In the period from March 2010 to March 2011, 1642 reports were submitted by community pharmacies. The reported incidents most often arose in the processing of prescriptions and medication surveillance phase (42.5%). Incidents in the dispensing phase (27.5%) were the second most prevalent type of incidents (table 1). Healthcare providers could select more than one cause per reported case. Behavioral factors (1642/1904, 86.2%) caused most of the medication incidents. The rest of the selected causes spread over technical factors (5.3%), organizational factors (2.5%), communication factors (4.9%) and patient-related factors (1.1%) (table 2). Less than half of the medication incidents (744/1642, 45.3%) reached the patient. The healthcare providers indicated that 80.6% of these 744 medication incidents were harmless for the patient. There were no cases of serious permanent harm or fatal harm (table 3).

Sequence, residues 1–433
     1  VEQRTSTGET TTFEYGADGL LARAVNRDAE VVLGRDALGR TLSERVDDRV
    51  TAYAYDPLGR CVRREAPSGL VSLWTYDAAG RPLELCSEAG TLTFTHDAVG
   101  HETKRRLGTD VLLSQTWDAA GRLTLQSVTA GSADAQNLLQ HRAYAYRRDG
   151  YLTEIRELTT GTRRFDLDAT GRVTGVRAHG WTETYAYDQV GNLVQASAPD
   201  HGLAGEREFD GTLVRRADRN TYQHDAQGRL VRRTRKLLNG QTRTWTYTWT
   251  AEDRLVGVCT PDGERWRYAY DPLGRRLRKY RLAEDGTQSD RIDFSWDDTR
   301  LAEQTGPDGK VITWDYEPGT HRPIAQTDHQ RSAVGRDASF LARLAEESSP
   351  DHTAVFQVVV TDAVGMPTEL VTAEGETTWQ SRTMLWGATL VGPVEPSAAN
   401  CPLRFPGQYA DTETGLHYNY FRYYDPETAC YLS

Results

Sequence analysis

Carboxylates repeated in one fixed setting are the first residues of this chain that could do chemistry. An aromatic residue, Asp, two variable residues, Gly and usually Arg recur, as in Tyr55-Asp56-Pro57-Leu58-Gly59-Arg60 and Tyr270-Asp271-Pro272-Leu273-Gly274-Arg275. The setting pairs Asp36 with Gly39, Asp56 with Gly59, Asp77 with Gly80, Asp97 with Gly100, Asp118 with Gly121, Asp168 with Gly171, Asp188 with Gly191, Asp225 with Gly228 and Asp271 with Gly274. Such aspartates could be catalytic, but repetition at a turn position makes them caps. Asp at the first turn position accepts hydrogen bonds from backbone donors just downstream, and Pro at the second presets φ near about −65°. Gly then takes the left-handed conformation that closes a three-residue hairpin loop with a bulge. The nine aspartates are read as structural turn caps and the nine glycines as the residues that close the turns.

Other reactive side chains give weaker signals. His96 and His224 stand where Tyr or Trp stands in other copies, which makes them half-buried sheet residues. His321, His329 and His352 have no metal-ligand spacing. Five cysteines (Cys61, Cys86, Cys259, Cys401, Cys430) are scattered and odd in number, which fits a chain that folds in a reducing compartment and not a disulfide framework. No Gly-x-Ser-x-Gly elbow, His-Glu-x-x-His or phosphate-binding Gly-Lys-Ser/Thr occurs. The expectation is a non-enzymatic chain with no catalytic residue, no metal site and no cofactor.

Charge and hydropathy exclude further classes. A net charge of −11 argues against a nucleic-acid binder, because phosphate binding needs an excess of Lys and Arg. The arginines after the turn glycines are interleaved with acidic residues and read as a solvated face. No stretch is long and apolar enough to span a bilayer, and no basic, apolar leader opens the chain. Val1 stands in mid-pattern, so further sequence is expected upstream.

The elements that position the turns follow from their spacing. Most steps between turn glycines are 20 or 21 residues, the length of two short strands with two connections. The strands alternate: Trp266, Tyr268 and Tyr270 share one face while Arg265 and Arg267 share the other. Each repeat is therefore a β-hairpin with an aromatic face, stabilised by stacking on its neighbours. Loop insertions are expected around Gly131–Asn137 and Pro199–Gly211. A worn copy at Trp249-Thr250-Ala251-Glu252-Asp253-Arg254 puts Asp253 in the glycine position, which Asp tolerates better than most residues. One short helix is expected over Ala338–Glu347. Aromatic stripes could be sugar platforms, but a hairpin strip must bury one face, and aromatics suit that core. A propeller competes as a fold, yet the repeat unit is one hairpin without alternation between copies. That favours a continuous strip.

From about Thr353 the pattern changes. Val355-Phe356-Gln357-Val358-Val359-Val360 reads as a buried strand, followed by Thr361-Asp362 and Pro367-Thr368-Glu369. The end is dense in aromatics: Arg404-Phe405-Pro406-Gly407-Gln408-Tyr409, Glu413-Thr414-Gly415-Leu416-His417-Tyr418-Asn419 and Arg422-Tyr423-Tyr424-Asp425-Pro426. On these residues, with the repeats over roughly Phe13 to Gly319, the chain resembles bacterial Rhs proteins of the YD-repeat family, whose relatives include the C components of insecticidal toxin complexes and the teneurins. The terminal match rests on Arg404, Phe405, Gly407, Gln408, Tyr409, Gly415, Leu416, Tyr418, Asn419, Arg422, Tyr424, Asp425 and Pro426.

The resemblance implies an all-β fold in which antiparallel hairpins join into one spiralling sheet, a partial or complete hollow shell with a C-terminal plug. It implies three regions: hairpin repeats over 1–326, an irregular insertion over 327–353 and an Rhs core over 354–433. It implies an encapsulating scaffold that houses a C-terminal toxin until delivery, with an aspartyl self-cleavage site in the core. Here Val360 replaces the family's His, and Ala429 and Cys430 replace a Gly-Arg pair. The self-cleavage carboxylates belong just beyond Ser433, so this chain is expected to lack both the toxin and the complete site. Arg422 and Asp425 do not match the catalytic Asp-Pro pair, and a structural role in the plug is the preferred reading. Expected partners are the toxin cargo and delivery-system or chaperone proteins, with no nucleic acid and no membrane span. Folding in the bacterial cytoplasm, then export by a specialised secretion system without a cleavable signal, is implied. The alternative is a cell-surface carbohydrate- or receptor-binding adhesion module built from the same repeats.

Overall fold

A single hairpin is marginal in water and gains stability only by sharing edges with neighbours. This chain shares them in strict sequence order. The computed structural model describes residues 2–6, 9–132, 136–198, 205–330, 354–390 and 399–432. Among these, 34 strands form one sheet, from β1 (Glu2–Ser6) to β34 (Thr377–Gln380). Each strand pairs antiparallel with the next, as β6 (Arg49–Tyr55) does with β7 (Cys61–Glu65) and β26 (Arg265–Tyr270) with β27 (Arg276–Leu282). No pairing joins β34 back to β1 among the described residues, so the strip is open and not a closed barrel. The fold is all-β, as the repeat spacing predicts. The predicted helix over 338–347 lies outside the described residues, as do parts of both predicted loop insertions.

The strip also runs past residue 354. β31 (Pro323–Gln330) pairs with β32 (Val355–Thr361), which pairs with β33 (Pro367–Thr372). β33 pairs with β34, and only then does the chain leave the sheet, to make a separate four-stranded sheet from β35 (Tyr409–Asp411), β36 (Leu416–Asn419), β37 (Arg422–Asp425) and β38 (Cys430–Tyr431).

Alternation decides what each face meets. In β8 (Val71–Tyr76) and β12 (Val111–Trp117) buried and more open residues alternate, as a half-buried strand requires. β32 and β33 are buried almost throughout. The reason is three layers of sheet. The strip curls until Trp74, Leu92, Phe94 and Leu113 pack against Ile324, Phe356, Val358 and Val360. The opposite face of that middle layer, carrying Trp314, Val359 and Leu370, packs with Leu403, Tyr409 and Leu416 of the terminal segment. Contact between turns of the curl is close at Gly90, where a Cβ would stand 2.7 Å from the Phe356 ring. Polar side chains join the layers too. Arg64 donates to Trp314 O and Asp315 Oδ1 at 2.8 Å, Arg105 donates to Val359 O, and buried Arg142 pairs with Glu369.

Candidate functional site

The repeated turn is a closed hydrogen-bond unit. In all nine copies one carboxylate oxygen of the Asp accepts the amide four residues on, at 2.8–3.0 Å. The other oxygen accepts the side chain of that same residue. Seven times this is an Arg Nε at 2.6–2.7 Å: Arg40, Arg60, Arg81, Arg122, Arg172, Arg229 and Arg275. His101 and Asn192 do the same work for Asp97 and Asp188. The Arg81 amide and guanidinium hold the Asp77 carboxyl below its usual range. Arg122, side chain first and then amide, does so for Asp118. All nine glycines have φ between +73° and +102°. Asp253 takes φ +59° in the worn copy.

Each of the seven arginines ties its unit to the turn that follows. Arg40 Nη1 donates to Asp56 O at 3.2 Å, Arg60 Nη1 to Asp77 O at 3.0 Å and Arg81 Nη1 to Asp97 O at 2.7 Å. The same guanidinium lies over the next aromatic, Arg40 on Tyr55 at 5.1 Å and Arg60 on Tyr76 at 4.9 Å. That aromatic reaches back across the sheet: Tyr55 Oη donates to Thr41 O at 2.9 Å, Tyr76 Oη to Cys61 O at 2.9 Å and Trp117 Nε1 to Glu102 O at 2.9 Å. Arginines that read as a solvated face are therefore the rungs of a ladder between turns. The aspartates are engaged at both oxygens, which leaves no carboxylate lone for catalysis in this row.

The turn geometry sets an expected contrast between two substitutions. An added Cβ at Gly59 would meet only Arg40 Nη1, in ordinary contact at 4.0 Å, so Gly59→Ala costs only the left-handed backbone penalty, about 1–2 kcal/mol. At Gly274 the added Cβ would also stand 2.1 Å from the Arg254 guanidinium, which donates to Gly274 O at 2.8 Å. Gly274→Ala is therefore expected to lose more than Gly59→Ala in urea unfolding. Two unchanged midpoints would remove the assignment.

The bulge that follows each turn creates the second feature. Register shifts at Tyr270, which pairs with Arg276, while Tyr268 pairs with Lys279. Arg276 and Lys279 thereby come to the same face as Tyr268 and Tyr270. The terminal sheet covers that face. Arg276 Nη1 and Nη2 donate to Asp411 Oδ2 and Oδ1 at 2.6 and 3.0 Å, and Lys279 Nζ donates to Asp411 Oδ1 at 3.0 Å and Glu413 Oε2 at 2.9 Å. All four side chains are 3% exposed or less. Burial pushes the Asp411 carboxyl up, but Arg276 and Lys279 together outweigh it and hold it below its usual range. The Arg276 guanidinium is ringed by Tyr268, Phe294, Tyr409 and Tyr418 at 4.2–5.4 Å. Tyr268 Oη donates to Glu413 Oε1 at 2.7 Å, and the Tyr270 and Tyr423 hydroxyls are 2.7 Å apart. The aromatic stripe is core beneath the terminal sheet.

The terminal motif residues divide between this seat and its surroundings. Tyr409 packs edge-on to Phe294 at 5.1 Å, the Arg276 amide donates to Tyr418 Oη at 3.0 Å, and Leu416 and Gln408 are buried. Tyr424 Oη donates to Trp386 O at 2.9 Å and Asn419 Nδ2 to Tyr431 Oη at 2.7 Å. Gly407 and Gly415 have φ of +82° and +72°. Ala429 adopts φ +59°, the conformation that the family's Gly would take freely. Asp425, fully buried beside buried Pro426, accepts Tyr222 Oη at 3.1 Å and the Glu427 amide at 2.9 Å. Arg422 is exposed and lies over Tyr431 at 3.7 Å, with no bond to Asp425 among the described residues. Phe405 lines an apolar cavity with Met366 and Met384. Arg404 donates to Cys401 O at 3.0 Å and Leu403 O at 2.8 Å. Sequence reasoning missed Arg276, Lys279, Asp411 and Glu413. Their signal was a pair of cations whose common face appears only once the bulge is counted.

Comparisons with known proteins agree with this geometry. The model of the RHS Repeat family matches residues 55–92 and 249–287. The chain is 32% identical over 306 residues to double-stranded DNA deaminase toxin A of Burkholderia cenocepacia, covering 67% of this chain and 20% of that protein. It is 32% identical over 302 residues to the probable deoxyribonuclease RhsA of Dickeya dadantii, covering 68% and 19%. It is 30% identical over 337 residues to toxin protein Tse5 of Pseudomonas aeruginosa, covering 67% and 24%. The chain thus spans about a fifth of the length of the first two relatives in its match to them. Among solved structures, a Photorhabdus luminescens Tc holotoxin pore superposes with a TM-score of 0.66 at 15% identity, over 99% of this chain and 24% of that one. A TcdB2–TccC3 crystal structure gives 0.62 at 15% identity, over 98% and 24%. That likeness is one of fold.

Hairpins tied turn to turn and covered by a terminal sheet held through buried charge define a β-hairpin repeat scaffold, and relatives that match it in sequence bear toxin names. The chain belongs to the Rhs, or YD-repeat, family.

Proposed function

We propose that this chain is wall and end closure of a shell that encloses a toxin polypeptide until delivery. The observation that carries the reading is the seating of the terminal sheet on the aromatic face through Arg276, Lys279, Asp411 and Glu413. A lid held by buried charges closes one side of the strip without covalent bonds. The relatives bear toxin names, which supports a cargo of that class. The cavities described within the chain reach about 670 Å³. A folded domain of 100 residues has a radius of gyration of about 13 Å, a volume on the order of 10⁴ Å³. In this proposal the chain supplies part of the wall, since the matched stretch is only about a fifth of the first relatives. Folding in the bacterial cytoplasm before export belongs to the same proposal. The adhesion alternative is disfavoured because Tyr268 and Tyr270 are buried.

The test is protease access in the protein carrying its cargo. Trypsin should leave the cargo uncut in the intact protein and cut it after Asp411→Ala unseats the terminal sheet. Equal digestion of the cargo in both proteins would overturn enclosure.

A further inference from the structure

In the same period, the hospitals submitted 2517 reports to CMR (phase II). Tables 1 and and22 summarize the frequencies of error classification and causes. A few of these incidents led to serious permanent harm (five, 0.2%) or fatal harm (eight, 0.3%) (table 3).
Since the start of the CMR (including the pilot phase), 15 nationwide alerts with specific recommendations to prevent recurrence of the medication incident have been sent out (see supplementary appendix III, available online only).
In this section we briefly compare the CMR with other nationwide reporting systems and discuss the implications for practice and research.